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George Deane Mitchell (1894–1961)

by Bill Gammage

This article was published:

George Deane Mitchell (1894-1961), by unknown photographer, 1944

George Deane Mitchell (1894-1961), by unknown photographer, 1944

Australian War Memorial, 084487

George Deane Mitchell (1894-1961), soldier, author, politician and lifelong larrikin, was born on 30 August 1894 at Caltowie, South Australia, one of five children of George Deane Mitchell, railway porter, and his wife Annie, née Smith. Young George was a clerk in Adelaide when he enlisted in the 10th Battalion, Australian Imperial Force, on 5 September 1914. He served at Gallipoli from 25 April 1915 until he was evacuated with enteric fever on 6 August. Rejoining his battalion on 9 September 1916 in Belgium, he was transferred to the 48th Battalion on 31 October and promoted lance corporal on 17 March 1917.

On 11 April, after six hours of bitter trench fighting in the first battle of Bullecourt, France, Mitch covered his comrades' retreat, then shouldered his Lewis gun and strolled through heavy enemy fire to his lines. He won the Distinguished Conduct Medal and was promoted second lieutenant. His walk entered A.I.F. legend, and Charles Bean's official history used it to characterize Mitchell's brigade in the battle. On 28 March 1918 Mitchell's platoon held an exposed hillside at Dernancourt. On his right the enemy broke through. He ran to the break, waving a pistol, and captured about thirty soldiers. He was awarded the Military Cross. In May 1919 he returned to Australia an A.I.F. rarity, having survived four years of front-line service unwounded.

Mitchell wrote the A.I.F.'s most evocative diary, with a knack of seeing significance in events. 'We had come from the New World for the conquest of the Old', he observed at the Anzac landing. 'They all bore the hall mark of the Cog', he remarked of Londoners in 1916. 'I feel that I have lost touch with any life but this one of war', he wrote in 1917, it 'is hard to recall Australia, and apart from my people nothing stands out vividly. I feel an outsider. We are lost in the magnitude of our task'.

In peace he could not settle. In South Australia until 1922, he grew potatoes and was an army area officer at Mount Gambier; in Victoria until 1926 and Queensland until about 1936, he worked as an estate agent, garage-owner and motorcar salesman; and in New South Wales until 1940, he was a journalist and author. Although Mitchell was a Militia officer in 1920-26, he never liked officers, but he was proud of his war service and from 1934 wrote about it for Reveille, then for Smith's Weekly and in a book, Backs to the Wall (Sydney, 1937). Convinced of the importance of defence to his country's future, he wrote The Awakening (1937), a novel describing the invasion of an unprepared Australia, and Soldier in Battle (1940), a handbook for front-line infantry. In 1939 he edited and toured with We of the A.I.F., an official film on 1914-18, for which he provided a vivid commentary. He became a State councillor of the Returned Sailors' and Soldiers' Imperial League of Australia. He ran as an Independent for the Legislative Assembly seat of Oxley, losing in 1938 and winning in 1941. Because of war service, he was present for only three sitting days, and lost the seat in 1944.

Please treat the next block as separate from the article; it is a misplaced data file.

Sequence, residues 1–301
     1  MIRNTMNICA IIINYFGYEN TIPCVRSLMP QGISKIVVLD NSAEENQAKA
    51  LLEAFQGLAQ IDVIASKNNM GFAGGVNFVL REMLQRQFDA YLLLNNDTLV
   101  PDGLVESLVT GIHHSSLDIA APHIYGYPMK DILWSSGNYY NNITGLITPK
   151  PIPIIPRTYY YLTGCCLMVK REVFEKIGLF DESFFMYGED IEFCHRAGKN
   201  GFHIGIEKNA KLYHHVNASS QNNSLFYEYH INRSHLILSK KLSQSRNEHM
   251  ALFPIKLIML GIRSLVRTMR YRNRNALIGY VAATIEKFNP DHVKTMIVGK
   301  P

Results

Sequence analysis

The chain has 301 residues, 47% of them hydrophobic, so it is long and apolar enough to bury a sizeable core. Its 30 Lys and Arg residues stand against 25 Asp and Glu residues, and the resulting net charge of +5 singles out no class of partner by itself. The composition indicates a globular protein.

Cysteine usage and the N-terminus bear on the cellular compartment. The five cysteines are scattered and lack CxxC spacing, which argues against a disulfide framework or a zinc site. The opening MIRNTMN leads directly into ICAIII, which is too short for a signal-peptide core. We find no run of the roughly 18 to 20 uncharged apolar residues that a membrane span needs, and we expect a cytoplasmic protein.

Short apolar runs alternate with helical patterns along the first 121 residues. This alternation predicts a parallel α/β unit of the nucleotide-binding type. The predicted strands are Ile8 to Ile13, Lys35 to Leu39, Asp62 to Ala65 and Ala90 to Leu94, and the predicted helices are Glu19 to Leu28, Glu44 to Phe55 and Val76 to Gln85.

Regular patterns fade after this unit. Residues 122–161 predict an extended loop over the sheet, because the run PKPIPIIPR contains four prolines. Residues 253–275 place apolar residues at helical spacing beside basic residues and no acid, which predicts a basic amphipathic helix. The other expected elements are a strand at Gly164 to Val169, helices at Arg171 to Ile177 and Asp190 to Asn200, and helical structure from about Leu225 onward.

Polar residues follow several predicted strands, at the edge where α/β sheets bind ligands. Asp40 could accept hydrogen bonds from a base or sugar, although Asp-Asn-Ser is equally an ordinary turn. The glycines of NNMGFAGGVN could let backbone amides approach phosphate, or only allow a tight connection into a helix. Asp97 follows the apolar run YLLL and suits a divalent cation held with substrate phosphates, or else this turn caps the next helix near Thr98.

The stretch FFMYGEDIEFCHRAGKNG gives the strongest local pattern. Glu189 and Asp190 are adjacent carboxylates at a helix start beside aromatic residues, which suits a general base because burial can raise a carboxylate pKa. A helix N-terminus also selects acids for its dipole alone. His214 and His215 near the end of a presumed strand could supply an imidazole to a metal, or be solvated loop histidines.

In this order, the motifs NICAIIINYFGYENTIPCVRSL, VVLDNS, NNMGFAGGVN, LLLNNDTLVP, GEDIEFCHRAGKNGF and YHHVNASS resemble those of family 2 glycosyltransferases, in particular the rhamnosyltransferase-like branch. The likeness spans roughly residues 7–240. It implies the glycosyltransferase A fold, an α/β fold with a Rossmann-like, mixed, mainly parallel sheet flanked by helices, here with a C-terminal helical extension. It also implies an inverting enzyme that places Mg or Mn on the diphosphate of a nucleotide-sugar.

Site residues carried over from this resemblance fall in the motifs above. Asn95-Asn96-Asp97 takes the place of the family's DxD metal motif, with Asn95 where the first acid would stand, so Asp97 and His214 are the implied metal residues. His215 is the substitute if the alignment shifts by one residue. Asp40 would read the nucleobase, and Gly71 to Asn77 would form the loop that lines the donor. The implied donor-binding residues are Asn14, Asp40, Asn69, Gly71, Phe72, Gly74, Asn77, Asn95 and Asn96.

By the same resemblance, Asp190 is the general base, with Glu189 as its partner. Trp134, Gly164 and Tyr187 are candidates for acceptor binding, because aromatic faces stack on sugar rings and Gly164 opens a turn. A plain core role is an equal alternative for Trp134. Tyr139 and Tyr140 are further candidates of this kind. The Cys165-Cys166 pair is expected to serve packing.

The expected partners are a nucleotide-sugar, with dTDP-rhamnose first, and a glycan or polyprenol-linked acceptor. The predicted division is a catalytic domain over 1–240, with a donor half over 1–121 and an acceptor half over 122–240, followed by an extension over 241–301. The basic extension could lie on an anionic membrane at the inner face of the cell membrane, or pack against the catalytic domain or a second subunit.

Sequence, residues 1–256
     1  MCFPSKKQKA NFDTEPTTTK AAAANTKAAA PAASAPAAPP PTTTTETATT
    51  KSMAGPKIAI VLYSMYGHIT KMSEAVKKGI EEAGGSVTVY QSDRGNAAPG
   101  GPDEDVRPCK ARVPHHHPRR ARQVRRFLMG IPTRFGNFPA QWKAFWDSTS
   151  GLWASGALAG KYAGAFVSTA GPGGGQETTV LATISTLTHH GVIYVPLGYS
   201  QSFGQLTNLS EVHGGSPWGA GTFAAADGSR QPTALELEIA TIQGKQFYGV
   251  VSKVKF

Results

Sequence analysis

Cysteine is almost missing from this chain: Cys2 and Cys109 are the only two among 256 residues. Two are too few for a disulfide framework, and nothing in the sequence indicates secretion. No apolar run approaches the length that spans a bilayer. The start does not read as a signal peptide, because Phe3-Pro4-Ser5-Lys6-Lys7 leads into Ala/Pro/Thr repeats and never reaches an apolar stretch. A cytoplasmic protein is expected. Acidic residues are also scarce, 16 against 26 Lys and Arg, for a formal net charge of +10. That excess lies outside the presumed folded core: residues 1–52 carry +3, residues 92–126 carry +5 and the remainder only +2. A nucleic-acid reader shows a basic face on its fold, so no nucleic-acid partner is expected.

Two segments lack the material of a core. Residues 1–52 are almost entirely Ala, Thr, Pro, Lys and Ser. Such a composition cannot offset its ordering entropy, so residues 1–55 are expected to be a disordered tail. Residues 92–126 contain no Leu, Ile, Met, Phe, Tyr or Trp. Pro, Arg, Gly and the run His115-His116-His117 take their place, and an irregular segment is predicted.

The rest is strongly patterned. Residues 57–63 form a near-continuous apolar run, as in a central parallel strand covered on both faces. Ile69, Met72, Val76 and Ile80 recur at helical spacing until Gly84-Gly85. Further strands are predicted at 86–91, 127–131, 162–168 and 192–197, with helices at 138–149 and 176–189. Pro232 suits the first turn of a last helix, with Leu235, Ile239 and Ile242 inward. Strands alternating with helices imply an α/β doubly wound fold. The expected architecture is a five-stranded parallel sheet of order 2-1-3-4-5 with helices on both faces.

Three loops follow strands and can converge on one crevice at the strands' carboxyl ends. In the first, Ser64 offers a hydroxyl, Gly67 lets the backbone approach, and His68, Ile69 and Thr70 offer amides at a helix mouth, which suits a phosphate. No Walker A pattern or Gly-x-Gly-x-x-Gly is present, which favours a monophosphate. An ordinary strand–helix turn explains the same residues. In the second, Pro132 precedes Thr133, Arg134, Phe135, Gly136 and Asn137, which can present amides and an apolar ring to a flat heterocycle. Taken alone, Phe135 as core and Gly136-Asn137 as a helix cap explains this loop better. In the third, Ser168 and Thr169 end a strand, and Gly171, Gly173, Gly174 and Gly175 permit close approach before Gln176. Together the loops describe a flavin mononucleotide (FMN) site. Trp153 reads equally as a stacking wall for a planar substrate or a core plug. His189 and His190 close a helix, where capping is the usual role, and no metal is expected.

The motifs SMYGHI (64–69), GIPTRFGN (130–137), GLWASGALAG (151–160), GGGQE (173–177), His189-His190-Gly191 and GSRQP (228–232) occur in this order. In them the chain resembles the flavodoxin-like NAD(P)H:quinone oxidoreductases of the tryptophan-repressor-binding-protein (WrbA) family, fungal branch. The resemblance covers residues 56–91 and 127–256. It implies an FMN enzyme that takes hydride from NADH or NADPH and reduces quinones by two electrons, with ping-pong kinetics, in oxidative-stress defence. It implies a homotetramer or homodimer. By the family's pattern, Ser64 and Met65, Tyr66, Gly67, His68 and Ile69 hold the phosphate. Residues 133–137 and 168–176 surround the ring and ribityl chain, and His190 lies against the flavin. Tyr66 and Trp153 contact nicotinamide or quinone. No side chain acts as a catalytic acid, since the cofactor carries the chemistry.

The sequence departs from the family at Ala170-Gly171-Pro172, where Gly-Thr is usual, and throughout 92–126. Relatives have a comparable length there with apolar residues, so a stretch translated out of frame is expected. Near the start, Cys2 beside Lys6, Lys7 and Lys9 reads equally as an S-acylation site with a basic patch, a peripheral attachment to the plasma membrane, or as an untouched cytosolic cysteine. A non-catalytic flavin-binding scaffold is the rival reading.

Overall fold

Having been appointed captain, Reserve of Officers, on 8 July 1940, Mitchell trained militiamen. He was promoted major on 1 September. At St Michael's Anglican Church, Vaucluse, on 30 July 1941 he married Thelma Agnes Bell, a 20-year-old New Zealand-born stenographer. In north-west Australia in 1942-43 he led an independent guerrilla force which lived off the land for weeks while searching for Japanese and training local resistance. Transferring to the A.I.F., he commanded the 43rd Landing Craft Company. With equipment vastly better than at Anzac Cove, he landed troops under fire at Dove Bay, near Wewak, New Guinea, on 11 May 1945. He returned to civilian life in February 1946 and worked for the T.B. Sailors, Soldiers and Airmen's Association. In his retirement he listed his recreations as swimming, hiking, experimenting and writing. He died of cancer on 11 January 1961 at Darlinghurst, Sydney, and was cremated with Methodist forms. His wife and son survived him.

Select Bibliography

  • C. E. W. Bean, The A.I.F. in France, 1918 (Syd, 1937)
  • B. Gammage, The Broken Years (Canb, 1974)
  • Reveille (Sydney), Mar 1936, Feb 1961
  • People (Sydney), 18 June 1952
  • G. D. Mitchell diary, 1914-18 (Australian War Memorial).

Citation details

Bill Gammage, 'Mitchell, George Deane (1894–1961)', Australian Dictionary of Biography, National Centre of Biography, Australian National University,, published first in hardcopy 2000, accessed online 23 May 2024.

This article was published in hardcopy in Australian Dictionary of Biography, Volume 15, (Melbourne University Press), 2000

View the front pages for Volume 15

© Copyright Australian Dictionary of Biography, 2006-2024

George Deane Mitchell (1894-1961), by unknown photographer, 1944

George Deane Mitchell (1894-1961), by unknown photographer, 1944

Australian War Memorial, 084487

Life Summary [details]


30 August, 1894
Caltowie, South Australia, Australia


11 January, 1961 (aged 66)
Darlinghurst, Sydney, New South Wales, Australia

Religious Influence

Includes the religion in which subjects were raised, have chosen themselves, attendance at religious schools and/or religious funeral rites; Atheism and Agnosticism have been included.